General Electric held an Instagram contest to “Be the Next Instagrapher” and win a trip to Wales to photograph of GE’s jet engine facility. Fans took and shared photos inspired by GE innovation and hashtaged photos with #GEinspiredME. Fans voted on the images and the winner took home $3,000.
Photo Submission of #GEinspiredME contest above, and the video explaining the contest below
Create Your Own Contest
You too can create a contest and gain a following. You can host a contest where the best photo caption wins your product or host a contest where the best photo that relates to your product wins the product.
Like Pretty Lights and General Electric, promote contest through special hash tags and post photos on social media platforms and your website. Announce the winner of the contest on your website in order to drive traffic back to your page and gain SEO value.
The simpler the contest, the better. The point is to start a conversation and promote social engagement.
TXMotorSpeedway hosted a simple contest: “3 days until @globalrallyx! Upload a pic of a number 3 or something representing “3″ with the hashtag #GRCisComing for a chance to win a signed @travispastrana @dcshoes hat!”
Location, location, location.
Geo-tagging is important for Instagram because it’s a way for people to find what’s around them. Geo-tagging can increase the chances of someone finding your photo and also discovering your storefront, art museum, factory, coffee shop etc. By submitting a geo- tagged location to Instagram, you’ll also be able to gather photos from your location and find more relevant followers.
Photos from two of my favorite places: Park City Mountain Resort and Cabo, Mexico.
Find Influential Users
Another way that marketers are using Instagram is to find influential users and pay them to take photos of an event or product. An influential user is someone that has a naturally large following (lets say 50,000+) and takes awesome photos. Marketers should think of this strategy like they would product placement in a movie or TV show. Companies like Delta and Barneys are already doing so.
Bring It Full Circle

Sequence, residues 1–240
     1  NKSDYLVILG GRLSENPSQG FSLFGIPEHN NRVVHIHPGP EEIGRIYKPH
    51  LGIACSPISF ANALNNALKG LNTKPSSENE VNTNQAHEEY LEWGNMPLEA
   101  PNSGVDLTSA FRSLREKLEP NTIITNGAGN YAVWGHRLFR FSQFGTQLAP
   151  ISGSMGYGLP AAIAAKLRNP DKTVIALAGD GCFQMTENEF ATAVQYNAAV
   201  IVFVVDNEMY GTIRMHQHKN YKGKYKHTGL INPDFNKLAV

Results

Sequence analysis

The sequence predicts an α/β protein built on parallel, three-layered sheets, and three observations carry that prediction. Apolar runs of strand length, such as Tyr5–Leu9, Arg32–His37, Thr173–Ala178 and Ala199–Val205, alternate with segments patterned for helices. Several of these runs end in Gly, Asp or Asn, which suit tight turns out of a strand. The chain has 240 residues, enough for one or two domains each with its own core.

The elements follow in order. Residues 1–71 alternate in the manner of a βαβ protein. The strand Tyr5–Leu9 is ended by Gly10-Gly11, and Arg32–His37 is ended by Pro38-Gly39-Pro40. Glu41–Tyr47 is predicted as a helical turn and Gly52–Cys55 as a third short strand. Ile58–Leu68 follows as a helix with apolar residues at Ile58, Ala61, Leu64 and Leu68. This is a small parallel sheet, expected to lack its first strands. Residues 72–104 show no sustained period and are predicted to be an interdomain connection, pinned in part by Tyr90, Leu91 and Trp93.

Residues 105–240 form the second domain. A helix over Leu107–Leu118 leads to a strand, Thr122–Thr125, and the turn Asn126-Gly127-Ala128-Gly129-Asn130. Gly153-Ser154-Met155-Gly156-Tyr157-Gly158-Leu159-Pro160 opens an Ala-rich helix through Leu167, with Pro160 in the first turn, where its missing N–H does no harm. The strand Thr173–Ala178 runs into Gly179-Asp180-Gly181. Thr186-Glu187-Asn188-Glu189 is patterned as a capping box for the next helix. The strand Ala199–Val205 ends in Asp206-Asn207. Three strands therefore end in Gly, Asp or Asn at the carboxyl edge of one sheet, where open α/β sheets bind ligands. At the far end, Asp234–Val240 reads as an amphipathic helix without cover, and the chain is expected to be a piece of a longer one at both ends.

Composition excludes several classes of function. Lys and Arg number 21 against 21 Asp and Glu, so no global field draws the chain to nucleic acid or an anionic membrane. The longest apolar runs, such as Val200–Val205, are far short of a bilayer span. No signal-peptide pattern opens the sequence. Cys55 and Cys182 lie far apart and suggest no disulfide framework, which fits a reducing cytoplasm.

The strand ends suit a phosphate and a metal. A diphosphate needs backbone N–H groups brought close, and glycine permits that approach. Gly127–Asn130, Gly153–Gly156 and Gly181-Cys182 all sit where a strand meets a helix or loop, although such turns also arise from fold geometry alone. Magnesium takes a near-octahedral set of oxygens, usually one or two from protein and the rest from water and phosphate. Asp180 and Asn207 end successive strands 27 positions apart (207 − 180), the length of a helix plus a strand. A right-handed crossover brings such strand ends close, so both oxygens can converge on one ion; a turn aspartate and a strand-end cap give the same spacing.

The last and final piece of the Instagram pie is to crowd source your content, which ties into social engagement, through social bookmarking sites. Once photos find its place online it’s up to you what to do with them. Starbucks for example has created a slideshow of photos from users who have hashtagged #starbucks on their photos. This gets users excited about posting photos and gets them to check the website to find their photos.
Here’s a quick list of places to find and share your photos:
- Webstagram: Webstagram is a website where you can get your RSS feeds and browse hashtags, photos and users. It’s an easy way to find people talking about your brand and save photos to your computer that you can upload and post to your website, Pintrest or use for promotional material. Using Webstagram is also a good way to speed up your Instagram process because we all know cell phones still aren’t as fast as computers.
- Pintrest: Pintrest is a great place to share you Instagram photos and drive traffic back to your website.
- Pinstagram: Pinstagram is like Webstagram except the way that it displays photos is like Pintrest. Your login is your Instagram name and it was created so that people could enjoy Instagram photos online.
- Flickr: Instagram allows you to upload photos directly to your Flickr account. Once photos are on your Flickr they are indexed by search engines and can show up in results for keywords. (Remember to pay attention to the titles of your photo).
With a little bit of elbow grease and creativity Instagram can help you build brand awareness through social engagement and provide a clear message about who your company is. It’s a simple way create likeable, shareable, unique content with minimal effort that can spread across multiple platforms to help your brand and SEO.
I’d love to hear from you, do you have any more questions about using Instagram or other great examples of companies who have found success.